The field of education has been and will continue to be essential to the survival and sustainability of the Black community. Unfortunately, over the past five decades, two major trends have become clearly evident in the Black community: (a) the decline of the academic achievement levels of Black students and (b) the disappearance of Black teachers, particularly Black males. Today, of the 3.5 million teachers in America’s classrooms (AACTE, 2010) only 8% are Black teachers, and approximately 2% of these teachers are Black males (NCES, 2010). Over the past few decades, the Black teaching force in the U.S. has dropped significantly (Lewis, 2006; Lewis, Bonner, Byrd, & James, 2008; Milner & Howard, 2004), and this educational crisis shows no signs of ending in the near future. As the population of Black students in K-12 schools in the U. S. continue to rise—currently over 16% of students in America’s schools are Black (NCES, 2010)—there is an urgent need to increase the presence of Black educators._x000D_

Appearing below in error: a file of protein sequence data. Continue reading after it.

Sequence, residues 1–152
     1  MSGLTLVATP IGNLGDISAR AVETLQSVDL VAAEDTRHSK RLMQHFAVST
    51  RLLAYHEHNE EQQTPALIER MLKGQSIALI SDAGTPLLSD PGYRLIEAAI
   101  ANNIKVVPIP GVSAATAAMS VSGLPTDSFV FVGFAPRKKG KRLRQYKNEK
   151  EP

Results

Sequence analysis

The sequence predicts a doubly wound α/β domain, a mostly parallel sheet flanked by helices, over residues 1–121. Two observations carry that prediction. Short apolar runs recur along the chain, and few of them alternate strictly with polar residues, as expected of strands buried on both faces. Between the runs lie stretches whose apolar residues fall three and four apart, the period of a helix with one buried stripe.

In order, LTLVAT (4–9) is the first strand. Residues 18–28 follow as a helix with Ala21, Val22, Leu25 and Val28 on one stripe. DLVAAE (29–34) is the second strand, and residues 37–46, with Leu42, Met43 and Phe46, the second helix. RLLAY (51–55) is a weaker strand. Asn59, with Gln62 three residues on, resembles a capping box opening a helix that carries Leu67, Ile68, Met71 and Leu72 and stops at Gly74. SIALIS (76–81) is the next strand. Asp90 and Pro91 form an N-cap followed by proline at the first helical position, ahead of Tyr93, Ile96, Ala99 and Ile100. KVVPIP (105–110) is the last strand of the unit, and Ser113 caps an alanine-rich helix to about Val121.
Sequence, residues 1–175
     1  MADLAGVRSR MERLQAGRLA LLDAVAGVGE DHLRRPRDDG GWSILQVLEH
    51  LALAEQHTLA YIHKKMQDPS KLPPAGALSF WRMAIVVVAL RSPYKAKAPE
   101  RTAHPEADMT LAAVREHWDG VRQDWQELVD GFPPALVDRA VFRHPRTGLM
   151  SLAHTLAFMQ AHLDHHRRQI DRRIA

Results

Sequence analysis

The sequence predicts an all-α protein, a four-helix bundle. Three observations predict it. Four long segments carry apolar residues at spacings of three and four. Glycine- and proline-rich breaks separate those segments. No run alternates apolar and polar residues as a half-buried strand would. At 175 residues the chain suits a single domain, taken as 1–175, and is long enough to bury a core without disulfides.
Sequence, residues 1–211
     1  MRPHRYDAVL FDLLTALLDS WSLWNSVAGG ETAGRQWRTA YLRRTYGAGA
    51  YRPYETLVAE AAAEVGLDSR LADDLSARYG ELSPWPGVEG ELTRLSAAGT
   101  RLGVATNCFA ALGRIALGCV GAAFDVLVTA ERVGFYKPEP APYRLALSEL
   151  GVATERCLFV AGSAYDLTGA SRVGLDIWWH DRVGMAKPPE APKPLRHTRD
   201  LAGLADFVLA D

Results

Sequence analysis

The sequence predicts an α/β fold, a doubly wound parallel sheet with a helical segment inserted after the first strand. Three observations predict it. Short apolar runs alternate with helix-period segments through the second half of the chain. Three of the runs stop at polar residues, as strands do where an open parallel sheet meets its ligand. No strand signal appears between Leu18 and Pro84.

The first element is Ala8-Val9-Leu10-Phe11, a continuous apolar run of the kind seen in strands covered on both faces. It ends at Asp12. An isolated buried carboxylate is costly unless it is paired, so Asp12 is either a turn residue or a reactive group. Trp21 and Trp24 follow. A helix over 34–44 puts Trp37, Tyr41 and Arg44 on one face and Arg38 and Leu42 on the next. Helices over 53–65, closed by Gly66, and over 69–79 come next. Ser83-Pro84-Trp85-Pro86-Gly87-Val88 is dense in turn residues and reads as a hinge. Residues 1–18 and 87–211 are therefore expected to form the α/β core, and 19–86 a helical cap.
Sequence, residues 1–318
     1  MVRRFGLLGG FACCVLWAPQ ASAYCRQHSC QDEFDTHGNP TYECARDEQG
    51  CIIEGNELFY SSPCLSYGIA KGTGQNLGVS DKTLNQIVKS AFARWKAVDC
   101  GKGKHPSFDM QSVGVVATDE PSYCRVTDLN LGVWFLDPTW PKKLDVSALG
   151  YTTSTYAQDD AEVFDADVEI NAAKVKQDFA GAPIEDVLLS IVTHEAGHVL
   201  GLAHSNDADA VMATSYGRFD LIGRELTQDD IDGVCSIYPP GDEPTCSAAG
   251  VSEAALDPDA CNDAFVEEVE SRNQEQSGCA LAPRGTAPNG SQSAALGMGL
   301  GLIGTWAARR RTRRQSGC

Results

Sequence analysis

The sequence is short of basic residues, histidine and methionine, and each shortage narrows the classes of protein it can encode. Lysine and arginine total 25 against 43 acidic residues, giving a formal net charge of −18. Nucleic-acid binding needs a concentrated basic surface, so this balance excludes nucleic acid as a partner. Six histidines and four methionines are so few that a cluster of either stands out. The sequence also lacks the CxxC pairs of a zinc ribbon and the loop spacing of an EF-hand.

The overall purpose of this edited volume is to stimulate thought and discussion among diverse audiences (e.g., policymakers, practitioners, and educational researchers) who are concerned about the performance of Black students in our nation’s schools, and to provide evidence-based strategies to expand our nation’s pool of Black teachers. To this end, it is our hope that this book will contribute to the teacher education literature and will inform the teacher education policy and practice debate.